Perhaps this is why a 2015 Pew Research Center poll found that a majority (58 percent) of Americans supported the use of drone strikes targeting extremists, despite concerns that these would cause civilian deaths.
Indifference or lack of awareness about civilian deaths among the American public does three things. First, it allows the U.S. government to further expand its “military footprint” around the world, resulting in increased civilian casualties without much fear of accountability. Second, it makes Americans increasingly vulnerable to terrorist attacks by those who hold U.S. citizens accountable for their government’s tactics in other countries. Finally, it erodes the moral character of our nation and makes a mockery of our claim to be the shining “city upon the hill.”
Concerned citizens must bring more attention to human rights violations committed in their name and call for greater government transparency when it comes to counterterrorism operations abroad.
It is important for constituents to demand greater congressional oversight with respect to civilian casualties. Civilian deaths are likely to increase under the Trump administration, which has substantially intensified bombing campaigns in Iraq, Syria, Somalia and Afghanistan. This comes in parallel to the administration having reduced “oversight, investigation and accountability on civilian casualties,” according to an op-ed by Micah Zenko in The New York Times.
“Congress has shown little interest in identifying the root causes of civilian deaths, holding commanders or lower-level officers accountable, or ensuring that the lessons learned from mistaken strikes are integrated into future operations,” Zenko wrote.
It is also important to urge members of Congress to initiate legislation that creates greater transparency in national security matters. One example of this is H.R. 700, which calls for an amendment to the Freedom of Information Act to include decision-making at the National Security Council, which is currently exempt from FOIA requests.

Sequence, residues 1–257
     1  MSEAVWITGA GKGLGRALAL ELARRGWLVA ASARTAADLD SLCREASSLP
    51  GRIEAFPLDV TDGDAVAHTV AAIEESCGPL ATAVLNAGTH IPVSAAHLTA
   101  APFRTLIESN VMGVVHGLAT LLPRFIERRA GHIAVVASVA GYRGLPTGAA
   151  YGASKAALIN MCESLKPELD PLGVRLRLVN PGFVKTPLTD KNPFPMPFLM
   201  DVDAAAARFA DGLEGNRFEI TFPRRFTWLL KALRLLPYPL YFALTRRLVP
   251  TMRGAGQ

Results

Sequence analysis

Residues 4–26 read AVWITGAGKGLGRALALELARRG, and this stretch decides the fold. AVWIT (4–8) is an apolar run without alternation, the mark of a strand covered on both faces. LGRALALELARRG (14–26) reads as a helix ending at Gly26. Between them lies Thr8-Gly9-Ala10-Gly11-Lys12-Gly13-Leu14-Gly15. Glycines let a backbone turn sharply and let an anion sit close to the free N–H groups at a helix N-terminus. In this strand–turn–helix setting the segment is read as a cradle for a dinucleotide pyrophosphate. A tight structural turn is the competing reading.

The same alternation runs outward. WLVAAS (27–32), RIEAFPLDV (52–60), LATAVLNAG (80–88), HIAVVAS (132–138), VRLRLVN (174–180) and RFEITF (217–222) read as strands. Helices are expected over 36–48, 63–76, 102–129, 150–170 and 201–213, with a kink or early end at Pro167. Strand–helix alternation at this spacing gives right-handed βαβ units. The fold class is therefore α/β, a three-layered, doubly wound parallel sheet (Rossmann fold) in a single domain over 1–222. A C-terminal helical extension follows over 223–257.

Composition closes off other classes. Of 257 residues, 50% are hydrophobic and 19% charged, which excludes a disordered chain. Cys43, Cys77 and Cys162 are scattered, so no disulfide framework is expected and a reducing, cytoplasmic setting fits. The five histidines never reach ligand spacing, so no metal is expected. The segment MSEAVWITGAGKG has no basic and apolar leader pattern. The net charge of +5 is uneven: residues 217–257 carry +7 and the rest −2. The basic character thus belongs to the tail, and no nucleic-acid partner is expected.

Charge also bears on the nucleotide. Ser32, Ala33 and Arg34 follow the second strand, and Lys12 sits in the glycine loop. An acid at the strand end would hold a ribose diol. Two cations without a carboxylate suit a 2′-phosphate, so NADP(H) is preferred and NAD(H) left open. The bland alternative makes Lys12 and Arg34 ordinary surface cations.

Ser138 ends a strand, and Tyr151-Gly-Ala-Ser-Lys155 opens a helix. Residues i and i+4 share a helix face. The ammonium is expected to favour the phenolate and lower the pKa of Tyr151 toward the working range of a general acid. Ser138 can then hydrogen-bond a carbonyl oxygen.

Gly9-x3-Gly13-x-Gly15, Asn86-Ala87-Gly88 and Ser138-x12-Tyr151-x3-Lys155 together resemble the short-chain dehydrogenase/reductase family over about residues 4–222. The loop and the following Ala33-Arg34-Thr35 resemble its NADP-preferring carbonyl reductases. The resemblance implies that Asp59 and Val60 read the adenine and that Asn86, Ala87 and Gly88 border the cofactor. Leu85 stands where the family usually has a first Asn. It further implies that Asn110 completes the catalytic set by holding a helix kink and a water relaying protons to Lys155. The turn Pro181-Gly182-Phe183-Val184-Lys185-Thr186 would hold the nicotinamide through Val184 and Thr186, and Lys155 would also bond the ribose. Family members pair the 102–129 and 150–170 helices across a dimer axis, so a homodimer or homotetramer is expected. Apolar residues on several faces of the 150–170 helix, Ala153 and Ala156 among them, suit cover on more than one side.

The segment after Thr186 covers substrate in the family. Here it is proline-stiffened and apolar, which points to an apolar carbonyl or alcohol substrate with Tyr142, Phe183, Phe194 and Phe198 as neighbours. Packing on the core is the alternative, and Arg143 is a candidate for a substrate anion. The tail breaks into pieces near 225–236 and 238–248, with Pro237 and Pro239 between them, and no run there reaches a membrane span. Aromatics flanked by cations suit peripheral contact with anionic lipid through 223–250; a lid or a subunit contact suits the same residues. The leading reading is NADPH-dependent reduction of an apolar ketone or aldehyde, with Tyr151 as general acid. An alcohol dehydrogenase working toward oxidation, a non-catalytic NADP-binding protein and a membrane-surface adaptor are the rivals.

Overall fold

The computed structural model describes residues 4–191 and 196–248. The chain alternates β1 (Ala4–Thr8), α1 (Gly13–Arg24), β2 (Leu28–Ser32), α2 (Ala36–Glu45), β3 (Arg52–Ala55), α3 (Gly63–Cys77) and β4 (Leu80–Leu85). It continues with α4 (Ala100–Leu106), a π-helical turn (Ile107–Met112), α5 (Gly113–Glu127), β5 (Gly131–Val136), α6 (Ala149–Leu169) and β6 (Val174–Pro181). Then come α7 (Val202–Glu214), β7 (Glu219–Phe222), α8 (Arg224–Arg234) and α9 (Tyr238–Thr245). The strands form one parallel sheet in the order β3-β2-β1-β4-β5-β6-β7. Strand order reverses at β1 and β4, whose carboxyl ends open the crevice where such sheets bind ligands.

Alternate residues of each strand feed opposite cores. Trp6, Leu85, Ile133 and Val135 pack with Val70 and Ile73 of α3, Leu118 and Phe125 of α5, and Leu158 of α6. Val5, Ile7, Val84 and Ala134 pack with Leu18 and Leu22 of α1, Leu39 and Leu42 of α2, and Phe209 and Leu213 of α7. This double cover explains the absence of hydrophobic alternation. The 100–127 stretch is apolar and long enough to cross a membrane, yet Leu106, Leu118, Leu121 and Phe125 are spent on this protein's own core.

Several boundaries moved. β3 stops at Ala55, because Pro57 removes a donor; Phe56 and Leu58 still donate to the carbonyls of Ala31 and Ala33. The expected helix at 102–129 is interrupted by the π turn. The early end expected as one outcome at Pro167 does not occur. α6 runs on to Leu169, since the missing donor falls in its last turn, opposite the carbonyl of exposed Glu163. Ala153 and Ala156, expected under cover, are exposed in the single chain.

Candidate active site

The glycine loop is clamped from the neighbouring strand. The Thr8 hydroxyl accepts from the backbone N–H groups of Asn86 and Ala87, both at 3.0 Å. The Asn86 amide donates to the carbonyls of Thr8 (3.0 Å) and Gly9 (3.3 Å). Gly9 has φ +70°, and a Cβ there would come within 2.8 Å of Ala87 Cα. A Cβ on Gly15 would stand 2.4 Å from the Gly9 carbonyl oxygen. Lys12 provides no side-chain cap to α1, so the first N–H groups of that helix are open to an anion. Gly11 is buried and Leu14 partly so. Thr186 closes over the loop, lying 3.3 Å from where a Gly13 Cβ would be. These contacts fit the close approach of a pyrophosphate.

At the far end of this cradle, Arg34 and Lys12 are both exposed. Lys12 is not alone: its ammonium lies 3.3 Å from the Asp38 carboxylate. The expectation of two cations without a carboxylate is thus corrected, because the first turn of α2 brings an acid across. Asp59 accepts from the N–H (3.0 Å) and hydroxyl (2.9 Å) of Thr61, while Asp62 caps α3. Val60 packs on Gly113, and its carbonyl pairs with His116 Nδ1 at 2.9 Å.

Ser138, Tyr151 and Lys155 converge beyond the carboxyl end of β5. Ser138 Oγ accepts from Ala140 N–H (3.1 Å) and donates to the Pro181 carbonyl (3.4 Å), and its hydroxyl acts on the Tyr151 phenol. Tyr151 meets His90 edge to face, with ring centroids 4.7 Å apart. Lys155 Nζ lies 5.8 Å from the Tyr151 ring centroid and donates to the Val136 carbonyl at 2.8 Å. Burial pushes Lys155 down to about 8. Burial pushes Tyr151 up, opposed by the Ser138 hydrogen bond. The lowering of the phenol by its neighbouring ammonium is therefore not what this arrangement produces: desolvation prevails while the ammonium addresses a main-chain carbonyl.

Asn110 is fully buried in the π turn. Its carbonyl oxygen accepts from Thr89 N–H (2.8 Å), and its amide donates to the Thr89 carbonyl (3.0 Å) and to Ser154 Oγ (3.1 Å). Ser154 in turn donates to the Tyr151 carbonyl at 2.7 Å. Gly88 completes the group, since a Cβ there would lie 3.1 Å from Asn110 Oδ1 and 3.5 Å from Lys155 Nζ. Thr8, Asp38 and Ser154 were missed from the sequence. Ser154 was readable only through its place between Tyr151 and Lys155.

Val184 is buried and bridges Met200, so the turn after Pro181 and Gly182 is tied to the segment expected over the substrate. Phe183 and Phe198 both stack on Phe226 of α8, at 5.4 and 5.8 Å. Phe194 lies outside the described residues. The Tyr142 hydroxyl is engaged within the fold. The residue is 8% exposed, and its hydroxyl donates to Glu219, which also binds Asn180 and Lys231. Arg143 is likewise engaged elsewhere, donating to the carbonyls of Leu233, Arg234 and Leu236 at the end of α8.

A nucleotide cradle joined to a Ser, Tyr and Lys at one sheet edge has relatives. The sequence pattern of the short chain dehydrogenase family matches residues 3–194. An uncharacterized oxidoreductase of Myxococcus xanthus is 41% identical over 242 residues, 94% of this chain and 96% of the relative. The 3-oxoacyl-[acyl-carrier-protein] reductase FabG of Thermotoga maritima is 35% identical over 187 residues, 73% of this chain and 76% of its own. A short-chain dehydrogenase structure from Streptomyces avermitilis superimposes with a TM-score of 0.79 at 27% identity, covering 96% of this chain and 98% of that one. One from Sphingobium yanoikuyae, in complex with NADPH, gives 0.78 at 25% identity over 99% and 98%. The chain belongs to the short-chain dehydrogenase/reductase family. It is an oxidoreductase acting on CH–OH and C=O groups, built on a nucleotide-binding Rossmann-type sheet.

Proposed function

With the U.S. military currently involved in counter-terror activities in 76 different countries around the world, according to Brown University’s Costs of War project, it is critical for the American public to increase its knowledge about the government’s military actions abroad and the resulting civilian toll. A good place to start is to subscribe to monitoring organizations and human rights watchdogs that report on civilian casualties in foreign countries. These include CIVIC (Civilians in Conflict), Air-wars, The Intercept, Action on Armed Violence, the Bureau of Investigative Journalism, Amnesty International, and Human Rights Watch. Engaged citizens can raise awareness on their social media platforms by sharing news and updates from these monitoring agencies.
For far too long, we have remained oblivious to the suffering of innocent civilians caused by our government. It is time we held our leaders and ourselves accountable for the mayhem committed in our name.
Mehlaqa Samdani is the executive director of Critical Connections, a nonprofit organization that offers analysis and opportunities for dialogue around issues related to Muslim communities in the U.S. and beyond.